May 9, 2015

MIT comes up with solar desalinatin machine

Daily Kos - MIT engineers have invented a new desalination machine that runs on solar energy. The project began in 2013 when the engineers went to India with the hopes of helping poorer villages and townships with their drinking water.

Business insider - The group came up with a method that uses solar panels to charge a bank of batteries. The batteries then power a system that removes salt from the water through electrodialysis. On the most basic level, that means that dissolved salt particles, which have a slight electric charge, are drawn out of the water when a small electrical current is applied. In addition to getting rid of salt (which makes water unusable for crops and for drinking), the team also applied UV light to disinfect some of the water as it passed through the system.


Anonymous said...

In addition to getting rid of salt (which makes water unusable for crops and for drinking)

I don't think extracting salt from water "gets rid of" it. In fact, I always wonder what we'd do with all the salt if desalinisation became commonplace. I believe there's a certain lake out in the western US that underwent a natural desalinisation by evaporation, and now goes by the name of Great Salt Lake, a tourist attraction that will forever be "unusable for crops". How much of that can we do artificially before we poison too much of the land?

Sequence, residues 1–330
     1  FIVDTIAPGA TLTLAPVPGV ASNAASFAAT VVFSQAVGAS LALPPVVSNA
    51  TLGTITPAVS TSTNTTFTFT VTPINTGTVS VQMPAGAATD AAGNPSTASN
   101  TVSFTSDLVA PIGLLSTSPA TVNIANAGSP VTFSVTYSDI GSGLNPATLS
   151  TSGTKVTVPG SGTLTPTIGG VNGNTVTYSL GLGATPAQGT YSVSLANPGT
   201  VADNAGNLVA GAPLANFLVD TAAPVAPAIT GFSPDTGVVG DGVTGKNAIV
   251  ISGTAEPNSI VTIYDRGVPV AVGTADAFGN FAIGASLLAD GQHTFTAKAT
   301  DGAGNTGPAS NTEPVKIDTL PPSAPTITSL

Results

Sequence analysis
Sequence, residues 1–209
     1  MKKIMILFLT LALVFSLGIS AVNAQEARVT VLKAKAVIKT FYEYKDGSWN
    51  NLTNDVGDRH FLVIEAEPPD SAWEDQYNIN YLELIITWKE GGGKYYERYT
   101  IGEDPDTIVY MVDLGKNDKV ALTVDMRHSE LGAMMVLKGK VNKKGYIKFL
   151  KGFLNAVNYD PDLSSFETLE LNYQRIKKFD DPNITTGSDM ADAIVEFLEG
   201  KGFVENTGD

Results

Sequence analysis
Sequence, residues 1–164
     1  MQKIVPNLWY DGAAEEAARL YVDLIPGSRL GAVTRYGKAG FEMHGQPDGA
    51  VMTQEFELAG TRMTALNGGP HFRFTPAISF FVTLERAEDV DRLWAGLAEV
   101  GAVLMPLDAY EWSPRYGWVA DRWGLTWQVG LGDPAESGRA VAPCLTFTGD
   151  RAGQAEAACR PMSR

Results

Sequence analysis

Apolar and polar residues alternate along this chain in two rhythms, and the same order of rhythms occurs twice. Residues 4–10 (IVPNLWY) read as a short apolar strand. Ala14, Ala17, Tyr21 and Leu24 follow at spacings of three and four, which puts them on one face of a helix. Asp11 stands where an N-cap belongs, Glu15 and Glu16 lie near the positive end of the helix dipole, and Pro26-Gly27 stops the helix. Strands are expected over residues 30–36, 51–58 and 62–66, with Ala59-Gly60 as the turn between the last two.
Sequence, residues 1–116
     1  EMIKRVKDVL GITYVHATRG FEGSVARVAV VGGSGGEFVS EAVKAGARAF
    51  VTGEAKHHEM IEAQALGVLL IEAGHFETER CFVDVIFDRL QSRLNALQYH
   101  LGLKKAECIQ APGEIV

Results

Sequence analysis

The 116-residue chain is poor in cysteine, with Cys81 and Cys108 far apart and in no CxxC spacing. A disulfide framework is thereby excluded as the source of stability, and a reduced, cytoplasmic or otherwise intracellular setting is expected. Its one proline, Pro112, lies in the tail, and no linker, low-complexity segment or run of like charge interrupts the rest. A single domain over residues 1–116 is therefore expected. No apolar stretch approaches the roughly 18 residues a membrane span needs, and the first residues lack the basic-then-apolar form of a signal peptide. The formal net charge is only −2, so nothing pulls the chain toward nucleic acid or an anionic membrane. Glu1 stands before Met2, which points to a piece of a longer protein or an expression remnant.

Anonymous said...

I read many years ago that the salts left over from desalination processes can be combined with other minerals to produce bricks, blocks, and similar building and paving materials.

Anonymous said...

If it's sea water that is being used in desalination, then why couldn't the waste salt be returned to the sea? As long as the salt is returned in a fashion that avoids too high a salt concentration in any single area, and the process does not turn the salt into something noxious, then returning the salt to the sea seems less harmful then trying to store it long term on land.